A mother whose newborn was apprehended by Winnipeg Child and Family Services (CFS) and police at a Winnipeg hospital and streamed live on Facebook last month was using drugs and alcohol during her pregnancy, according to court documents.
The documents show the mom, who can’t be identified under Manitoba law, tested positive for Oxycontin a month before her due date, and allegedly admitted to using cocaine and alcohol during her pregnancy.
Her first child was also apprehended by CFS in 2014 because of concerns of substance abuse (crack cocaine and alcohol), neglect, mental health and inappropriate parenting, the files show. She was investigated twice for abuse.
Emergency medical responders and hospital staff reported the mom had smelled like alcohol when she was taken to St. Boniface to give birth. The woman’s family has denied the allegation.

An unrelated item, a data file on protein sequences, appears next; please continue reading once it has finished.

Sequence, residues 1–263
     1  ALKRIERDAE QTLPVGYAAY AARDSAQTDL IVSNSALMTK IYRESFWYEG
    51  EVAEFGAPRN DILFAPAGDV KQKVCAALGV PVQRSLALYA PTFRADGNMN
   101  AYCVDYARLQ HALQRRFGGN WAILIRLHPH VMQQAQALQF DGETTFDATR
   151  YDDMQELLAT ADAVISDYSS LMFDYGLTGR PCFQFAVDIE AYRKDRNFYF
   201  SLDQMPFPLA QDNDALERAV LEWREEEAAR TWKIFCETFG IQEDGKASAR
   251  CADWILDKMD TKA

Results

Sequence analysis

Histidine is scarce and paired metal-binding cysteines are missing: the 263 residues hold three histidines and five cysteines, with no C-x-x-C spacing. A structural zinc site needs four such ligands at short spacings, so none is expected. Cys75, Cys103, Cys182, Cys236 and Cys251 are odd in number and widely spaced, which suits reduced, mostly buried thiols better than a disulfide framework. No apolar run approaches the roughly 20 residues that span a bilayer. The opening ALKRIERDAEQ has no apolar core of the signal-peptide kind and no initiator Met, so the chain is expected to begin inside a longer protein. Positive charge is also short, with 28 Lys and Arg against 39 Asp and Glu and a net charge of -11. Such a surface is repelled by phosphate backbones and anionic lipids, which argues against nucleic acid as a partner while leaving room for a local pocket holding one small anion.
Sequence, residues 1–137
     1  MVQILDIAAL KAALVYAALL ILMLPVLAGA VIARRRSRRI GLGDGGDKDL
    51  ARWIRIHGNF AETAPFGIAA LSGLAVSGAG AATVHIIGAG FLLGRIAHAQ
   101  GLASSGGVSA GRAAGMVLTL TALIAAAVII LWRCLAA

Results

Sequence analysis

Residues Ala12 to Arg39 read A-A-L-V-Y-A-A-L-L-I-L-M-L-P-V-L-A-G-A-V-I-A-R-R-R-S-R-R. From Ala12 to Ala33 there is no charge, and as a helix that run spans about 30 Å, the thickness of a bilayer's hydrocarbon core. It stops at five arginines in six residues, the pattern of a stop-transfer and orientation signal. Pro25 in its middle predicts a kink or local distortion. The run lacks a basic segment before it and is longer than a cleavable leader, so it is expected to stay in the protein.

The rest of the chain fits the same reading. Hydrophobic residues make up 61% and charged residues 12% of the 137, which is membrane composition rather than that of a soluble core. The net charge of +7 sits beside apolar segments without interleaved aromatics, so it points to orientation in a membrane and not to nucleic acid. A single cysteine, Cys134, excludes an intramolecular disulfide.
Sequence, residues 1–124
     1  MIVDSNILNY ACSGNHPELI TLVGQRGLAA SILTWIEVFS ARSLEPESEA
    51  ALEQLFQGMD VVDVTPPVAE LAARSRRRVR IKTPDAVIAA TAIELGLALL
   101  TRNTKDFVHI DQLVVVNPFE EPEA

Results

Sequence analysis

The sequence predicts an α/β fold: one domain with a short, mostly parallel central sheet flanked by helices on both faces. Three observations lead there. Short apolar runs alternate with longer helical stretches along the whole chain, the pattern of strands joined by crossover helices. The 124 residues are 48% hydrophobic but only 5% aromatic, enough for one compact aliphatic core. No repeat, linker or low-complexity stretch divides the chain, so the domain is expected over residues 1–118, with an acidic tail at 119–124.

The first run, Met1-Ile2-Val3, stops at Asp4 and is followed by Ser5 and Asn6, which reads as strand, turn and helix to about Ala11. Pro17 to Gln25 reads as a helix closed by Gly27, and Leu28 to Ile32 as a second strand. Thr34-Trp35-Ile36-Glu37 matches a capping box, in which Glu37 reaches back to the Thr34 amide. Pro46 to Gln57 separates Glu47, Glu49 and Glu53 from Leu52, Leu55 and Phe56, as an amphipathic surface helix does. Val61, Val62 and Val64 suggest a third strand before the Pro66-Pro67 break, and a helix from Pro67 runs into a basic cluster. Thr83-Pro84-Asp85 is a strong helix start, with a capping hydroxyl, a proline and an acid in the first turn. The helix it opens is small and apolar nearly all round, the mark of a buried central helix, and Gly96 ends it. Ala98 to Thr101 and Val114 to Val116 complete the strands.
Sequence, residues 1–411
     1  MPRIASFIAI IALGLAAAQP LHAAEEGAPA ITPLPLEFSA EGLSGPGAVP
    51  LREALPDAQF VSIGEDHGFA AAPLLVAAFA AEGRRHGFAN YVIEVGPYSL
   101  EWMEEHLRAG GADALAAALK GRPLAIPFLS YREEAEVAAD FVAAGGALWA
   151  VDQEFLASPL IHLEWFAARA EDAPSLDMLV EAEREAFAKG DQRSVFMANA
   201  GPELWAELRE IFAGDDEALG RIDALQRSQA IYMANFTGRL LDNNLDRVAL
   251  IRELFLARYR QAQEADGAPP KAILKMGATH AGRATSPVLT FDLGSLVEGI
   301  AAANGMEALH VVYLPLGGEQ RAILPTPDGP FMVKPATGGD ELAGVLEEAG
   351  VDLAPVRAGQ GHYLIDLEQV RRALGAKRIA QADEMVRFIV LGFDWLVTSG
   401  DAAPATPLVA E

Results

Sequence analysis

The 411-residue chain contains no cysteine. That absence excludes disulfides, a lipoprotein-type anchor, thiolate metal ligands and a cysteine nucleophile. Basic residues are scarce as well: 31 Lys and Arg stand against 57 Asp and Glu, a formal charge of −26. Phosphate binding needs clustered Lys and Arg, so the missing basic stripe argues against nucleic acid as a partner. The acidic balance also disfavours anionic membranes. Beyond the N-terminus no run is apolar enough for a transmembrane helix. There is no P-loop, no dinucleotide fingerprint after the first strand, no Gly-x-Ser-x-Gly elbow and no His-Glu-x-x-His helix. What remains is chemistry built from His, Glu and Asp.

The day after the baby was apprehended and the Facebook live video was shared hundreds of thousand of times, the mother, along with family members and First Nations leaders, spoke out about what they say is a child-welfare system biased against Indigenous peoples.
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The mother said she was “blindsided” by the apprehension and told reporters she had already arranged for a family member to take care of her baby.
But according to the court documents, that family member’s background check came back with “concerning results,” and further assessment was required.
The mother’s lawyer was unable to to comment by publication time.
The files say the mother thought the father could be one of two men, but the man she believed to be the dad was verbally abusive and is incarcerated.
At a child protection hearing on Wednesday, lawyers said a man has come forward claiming to be the father.
The hearing was adjourned for a week at the request of the man’s lawyer.
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